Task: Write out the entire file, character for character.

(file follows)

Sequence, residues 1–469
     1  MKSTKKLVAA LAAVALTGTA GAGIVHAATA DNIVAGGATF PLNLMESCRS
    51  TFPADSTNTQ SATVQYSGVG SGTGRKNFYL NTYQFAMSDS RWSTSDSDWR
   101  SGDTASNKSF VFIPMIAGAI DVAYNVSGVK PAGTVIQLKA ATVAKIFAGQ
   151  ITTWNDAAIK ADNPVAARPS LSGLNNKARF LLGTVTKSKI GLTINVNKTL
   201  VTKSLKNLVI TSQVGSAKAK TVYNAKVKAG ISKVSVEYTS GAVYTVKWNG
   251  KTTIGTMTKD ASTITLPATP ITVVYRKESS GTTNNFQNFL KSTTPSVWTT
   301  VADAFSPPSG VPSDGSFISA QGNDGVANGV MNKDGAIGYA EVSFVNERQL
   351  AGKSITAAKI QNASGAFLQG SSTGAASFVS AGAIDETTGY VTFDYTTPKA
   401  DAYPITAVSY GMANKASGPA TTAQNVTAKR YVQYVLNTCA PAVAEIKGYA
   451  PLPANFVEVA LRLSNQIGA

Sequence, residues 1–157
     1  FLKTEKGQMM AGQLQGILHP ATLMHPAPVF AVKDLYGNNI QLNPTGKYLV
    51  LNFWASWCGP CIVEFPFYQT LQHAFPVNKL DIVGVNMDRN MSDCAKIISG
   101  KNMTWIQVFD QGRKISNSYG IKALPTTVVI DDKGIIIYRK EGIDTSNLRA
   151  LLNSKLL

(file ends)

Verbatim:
Sequence, residues 1–469
     1  MKSTKKLVAA LAAVALTGTA GAGIVHAATA DNIVAGGATF PLNLMESCRS
    51  TFPADSTNTQ SATVQYSGVG SGTGRKNFYL NTYQFAMSDS RWSTSDSDWR
   101  SGDTASNKSF VFIPMIAGAI DVAYNVSGVK PAGTVIQLKA ATVAKIFAGQ
   151  ITTWNDAAIK ADNPVAARPS LSGLNNKARF LLGTVTKSKI GLTINVNKTL
   201  VTKSLKNLVI TSQVGSAKAK TVYNAKVKAG ISKVSVEYTS GAVYTVKWNG
   251  KTTIGTMTKD ASTITLPATP ITVVYRKESS GTTNNFQNFL KSTTPSVWTT
   301  VADAFSPPSG VPSDGSFISA QGNDGVANGV MNKDGAIGYA EVSFVNERQL
   351  AGKSITAAKI QNASGAFLQG SSTGAASFVS AGAIDETTGY VTFDYTTPKA
   401  DAYPITAVSY GMANKASGPA TTAQNVTAKR YVQYVLNTCA PAVAEIKGYA
   451  PLPANFVEVA LRLSNQIGA

Sequence, residues 1–157
     1  FLKTEKGQMM AGQLQGILHP ATLMHPAPVF AVKDLYGNNI QLNPTGKYLV
    51  LNFWASWCGP CIVEFPFYQT LQHAFPVNKL DIVGVNMDRN MSDCAKIISG
   101  KNMTWIQVFD QGRKISNSYG IKALPTTVVI DDKGIIIYRK EGIDTSNLRA
   151  LLNSKLL